{
  String()
    : String::base_type(start)
  {
    using boost::spirit::qi::byte_;
    using boost::spirit::qi::omit;
    using namespace boost::spirit::qi::labels;

    start =
          omit[
                (byte_(0x05) | byte_(0x1e))
            >>  length[ _a = _1 ]
          ]
            >>  repeat(_a)[byte_]
    ;
  }

  UInteger32<Iterator>                        length;
  qi::rule<Iterator, qi::locals<unsigned> >   start;
};

The action associated with the length rule is in square brackets. (Not to be confused with the square brackets that are part of the repeat syntax.) Remember that length exposes a numeric attribute, specifically an unsigned integer. The attribute of a rule can be captured with the _1 placeholder. The local variable for this grammar is captured with _a. Local variables can be passed into, manipulated, and accessed by other rules in the grammar. In the previous example, the value of length is set to _a via simple assignment in the action. Next, the repeat parser takes the value of _a to build the “string” stored in the ViewState. The omit parser keeps the extraneous bytes out of the string.

Now we can put the String parser into the original grammar by adding two lines of code (highlighted in bold). That this step is so trivial speaks volumes about the extensibility of Spirit:

...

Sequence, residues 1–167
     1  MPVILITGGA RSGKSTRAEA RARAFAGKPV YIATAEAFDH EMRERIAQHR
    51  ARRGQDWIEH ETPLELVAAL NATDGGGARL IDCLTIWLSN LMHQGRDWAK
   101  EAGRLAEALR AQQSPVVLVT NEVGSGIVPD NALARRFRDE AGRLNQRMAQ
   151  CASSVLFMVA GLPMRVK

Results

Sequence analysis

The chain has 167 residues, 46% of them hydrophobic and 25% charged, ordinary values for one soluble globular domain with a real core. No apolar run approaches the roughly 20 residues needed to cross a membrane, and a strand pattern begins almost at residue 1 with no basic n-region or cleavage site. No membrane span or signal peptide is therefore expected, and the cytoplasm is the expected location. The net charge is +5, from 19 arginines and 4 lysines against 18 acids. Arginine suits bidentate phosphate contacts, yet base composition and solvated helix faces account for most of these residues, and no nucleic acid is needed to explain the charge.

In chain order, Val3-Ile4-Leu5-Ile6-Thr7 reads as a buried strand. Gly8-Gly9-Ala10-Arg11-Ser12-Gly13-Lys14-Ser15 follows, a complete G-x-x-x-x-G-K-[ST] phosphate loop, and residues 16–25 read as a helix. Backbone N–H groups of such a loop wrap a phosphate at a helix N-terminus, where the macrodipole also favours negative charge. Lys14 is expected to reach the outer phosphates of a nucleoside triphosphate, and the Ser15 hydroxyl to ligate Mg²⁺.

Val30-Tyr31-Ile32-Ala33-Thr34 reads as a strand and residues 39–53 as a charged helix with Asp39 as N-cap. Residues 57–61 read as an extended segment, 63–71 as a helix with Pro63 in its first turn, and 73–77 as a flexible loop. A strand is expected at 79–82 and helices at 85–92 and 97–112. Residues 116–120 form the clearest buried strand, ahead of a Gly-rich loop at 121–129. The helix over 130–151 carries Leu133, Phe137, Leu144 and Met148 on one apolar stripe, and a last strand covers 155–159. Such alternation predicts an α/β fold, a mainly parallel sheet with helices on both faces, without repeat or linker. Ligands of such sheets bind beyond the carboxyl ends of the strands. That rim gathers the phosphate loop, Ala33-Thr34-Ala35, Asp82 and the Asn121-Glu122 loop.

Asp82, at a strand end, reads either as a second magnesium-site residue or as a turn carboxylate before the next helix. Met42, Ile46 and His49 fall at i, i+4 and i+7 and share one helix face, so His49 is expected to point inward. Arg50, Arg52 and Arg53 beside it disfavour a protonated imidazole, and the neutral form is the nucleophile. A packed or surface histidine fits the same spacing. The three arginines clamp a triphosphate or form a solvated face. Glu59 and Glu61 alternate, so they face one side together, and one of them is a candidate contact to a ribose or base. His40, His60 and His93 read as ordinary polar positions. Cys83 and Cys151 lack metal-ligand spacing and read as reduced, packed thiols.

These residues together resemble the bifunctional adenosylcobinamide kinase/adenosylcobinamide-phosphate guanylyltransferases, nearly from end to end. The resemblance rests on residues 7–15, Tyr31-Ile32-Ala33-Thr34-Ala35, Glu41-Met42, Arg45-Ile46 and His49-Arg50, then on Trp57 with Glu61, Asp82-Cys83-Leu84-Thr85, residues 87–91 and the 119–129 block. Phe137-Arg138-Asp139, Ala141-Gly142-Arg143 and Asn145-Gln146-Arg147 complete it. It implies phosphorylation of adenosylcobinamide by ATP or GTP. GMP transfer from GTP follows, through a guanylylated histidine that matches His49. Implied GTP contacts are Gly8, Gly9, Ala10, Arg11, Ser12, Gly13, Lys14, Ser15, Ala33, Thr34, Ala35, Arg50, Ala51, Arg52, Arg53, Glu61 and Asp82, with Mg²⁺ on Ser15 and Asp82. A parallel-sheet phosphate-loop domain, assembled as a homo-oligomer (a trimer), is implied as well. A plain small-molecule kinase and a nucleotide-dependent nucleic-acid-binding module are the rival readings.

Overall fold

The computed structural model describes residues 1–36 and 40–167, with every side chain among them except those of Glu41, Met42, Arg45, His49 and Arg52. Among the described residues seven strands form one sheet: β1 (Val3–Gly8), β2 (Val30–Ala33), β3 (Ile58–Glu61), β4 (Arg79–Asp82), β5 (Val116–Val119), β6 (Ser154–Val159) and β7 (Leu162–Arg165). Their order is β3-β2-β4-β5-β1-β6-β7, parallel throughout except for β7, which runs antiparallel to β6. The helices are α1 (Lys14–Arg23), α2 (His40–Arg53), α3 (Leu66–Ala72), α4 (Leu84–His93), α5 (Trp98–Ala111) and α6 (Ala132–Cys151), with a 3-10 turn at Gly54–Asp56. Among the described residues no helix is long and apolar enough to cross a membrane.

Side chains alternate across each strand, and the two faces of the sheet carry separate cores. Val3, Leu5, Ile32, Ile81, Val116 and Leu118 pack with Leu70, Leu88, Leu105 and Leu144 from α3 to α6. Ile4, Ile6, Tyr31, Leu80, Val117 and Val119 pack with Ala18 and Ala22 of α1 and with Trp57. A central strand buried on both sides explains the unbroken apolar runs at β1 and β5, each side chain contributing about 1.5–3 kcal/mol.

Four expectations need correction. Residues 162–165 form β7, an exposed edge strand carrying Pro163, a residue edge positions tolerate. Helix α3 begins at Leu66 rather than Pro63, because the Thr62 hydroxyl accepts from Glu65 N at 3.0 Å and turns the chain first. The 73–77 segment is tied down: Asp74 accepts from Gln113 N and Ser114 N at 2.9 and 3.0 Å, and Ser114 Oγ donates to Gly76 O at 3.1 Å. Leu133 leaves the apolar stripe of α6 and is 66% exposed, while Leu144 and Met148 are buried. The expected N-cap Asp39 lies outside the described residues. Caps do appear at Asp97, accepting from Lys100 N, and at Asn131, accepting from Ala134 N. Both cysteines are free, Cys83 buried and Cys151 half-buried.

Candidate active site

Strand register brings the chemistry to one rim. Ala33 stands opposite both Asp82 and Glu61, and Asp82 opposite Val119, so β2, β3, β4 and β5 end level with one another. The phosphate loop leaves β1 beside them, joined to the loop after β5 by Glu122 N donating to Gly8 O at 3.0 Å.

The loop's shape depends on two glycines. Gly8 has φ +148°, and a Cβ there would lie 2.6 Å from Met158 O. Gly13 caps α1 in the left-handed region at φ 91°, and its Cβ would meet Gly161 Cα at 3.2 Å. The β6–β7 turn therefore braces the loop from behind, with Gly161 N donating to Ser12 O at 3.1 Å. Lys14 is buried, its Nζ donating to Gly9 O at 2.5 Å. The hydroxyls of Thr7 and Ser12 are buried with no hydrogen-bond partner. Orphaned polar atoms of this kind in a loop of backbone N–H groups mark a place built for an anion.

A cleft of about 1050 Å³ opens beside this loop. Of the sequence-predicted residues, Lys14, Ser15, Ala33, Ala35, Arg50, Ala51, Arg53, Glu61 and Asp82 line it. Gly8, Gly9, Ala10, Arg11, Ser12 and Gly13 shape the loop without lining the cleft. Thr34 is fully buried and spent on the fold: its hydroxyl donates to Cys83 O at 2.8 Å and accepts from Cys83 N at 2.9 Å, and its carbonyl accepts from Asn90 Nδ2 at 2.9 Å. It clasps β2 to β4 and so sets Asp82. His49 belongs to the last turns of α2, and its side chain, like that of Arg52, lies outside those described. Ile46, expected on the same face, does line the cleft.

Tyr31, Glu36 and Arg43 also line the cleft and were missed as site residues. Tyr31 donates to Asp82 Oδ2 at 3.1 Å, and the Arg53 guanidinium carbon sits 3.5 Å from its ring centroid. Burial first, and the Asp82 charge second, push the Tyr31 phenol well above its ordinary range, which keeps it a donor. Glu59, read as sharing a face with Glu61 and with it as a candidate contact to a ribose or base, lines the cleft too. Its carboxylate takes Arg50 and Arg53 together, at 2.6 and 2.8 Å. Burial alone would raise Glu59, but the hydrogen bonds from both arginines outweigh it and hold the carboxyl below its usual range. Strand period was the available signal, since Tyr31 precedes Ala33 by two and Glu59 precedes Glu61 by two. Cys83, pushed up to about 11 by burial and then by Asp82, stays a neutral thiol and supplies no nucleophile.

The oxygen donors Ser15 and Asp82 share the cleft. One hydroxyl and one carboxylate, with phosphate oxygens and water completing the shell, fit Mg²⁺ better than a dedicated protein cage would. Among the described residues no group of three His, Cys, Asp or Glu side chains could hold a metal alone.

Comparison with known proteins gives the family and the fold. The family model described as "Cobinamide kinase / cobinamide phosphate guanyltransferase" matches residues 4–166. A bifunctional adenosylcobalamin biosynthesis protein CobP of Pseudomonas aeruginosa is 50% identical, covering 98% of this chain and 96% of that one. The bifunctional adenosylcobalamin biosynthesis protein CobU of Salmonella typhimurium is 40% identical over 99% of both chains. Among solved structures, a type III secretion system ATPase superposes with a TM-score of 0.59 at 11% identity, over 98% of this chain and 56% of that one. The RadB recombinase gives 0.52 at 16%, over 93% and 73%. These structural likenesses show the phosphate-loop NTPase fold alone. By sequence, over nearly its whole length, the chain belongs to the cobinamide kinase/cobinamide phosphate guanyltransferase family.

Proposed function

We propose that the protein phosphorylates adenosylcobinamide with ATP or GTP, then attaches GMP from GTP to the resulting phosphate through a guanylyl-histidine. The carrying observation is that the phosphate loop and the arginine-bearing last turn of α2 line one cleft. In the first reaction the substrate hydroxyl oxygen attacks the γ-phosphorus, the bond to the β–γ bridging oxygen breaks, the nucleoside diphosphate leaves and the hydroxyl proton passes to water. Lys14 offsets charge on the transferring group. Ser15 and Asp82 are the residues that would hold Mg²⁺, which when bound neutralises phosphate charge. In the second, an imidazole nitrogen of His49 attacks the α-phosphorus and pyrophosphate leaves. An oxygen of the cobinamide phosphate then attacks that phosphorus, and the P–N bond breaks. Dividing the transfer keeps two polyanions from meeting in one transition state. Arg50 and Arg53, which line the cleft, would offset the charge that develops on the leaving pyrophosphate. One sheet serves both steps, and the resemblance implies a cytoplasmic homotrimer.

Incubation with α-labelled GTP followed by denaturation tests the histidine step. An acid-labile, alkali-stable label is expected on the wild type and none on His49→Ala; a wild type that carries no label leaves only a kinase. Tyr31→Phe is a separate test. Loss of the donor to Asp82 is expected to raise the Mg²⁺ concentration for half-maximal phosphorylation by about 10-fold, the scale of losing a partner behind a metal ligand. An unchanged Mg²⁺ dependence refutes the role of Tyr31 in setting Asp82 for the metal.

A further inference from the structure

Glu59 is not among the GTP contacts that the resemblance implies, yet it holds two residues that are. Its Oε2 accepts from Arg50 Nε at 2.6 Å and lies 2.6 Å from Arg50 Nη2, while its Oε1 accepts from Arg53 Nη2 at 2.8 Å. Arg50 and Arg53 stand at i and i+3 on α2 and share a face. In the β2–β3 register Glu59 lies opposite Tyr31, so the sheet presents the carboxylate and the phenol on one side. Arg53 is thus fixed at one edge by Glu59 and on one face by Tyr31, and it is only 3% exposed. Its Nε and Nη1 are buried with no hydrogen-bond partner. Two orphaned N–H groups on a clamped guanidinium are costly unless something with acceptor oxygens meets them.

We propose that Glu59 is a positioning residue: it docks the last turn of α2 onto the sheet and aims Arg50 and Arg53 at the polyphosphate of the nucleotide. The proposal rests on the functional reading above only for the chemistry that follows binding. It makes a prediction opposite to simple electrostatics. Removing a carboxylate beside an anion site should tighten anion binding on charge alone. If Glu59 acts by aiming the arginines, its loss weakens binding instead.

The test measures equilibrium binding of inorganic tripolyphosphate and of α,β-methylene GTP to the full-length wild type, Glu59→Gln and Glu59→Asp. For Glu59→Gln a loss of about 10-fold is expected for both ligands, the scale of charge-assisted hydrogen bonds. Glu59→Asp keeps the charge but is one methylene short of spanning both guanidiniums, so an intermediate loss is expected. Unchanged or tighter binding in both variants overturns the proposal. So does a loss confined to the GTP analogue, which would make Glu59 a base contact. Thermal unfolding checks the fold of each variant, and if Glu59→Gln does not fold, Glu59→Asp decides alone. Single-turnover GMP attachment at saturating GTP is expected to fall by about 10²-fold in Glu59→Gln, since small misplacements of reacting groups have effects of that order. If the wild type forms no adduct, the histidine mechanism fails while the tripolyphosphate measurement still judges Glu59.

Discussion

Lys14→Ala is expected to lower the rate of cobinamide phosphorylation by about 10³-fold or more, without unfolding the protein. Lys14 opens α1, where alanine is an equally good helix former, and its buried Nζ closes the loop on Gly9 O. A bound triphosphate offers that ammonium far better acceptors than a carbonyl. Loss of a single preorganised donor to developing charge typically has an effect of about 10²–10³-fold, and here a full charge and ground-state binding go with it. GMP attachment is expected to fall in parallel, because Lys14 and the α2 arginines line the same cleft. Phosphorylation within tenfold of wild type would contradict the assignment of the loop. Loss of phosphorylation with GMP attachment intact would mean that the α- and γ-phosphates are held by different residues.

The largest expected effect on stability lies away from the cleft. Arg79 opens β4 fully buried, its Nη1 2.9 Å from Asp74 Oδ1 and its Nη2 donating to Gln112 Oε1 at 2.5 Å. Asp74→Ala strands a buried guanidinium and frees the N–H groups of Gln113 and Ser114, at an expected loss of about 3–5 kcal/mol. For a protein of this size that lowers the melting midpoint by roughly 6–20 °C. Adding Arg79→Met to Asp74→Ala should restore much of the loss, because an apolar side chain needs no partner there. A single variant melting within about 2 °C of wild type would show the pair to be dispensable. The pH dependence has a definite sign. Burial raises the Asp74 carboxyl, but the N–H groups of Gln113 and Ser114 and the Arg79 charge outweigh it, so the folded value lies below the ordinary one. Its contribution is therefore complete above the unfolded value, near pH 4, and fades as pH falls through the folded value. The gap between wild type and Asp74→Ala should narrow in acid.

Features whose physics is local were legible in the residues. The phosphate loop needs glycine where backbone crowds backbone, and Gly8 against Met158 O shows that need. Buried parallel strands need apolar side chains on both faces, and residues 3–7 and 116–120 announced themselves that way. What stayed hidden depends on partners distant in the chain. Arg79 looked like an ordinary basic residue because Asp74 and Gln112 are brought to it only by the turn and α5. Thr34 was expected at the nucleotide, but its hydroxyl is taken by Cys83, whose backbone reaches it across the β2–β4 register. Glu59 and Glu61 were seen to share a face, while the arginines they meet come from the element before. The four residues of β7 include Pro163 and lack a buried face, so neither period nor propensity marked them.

object =    empty
             |  my_string
             |  pair;

    ...
    start =     version   // must start with recognized version
            >>  +object;  // contains one or more objects
  }

  String<Iterator> my_string;
  qi::rule<Iterator>  empty,
  ...

The String grammar introduced the repeat parser. We’ll use that parser again in the grammar for interpreting ViewState containers. At this point the growth of the grammar accelerates quickly because we have good building blocks in place:

...
    using boost::spirit::qi::byte_;
    using boost::spirit::qi::repeat;

    container = byte_(0x16)
             >> length [ _a = _1 ]
             >> repeat(_a)[object] ;

    empty =     byte_(0x64);

    object =    empty
             |  my_string
             |  pair;
    ...
  }

  String<Iterator>      my_string;
  UInteger32<Iterator>  length;
  qi::rule<Iterator, qi::locals<unsigned> > container;
  qi::rule<Iterator>    empty,
  ...

This has been a whirlwind introduction to Spirit. If you got lost along the way, don’t worry. Try going through the examples in Spirit’s documentation. Then, re-read this article to see if the concepts make more sense. I’ll also make the sample code available to help get you started.

There will be a few surprises as you experiment with building Spirit grammars. For one, you’ll notice that compilation takes an unexpectedly long time for just a dozen or so lines of code. This is due to Spirit’s template-heavy techniques. While the duration contrasts with “normal” compile times for small programs, I find it a welcome trade-off considering the flexibility Spirit provides.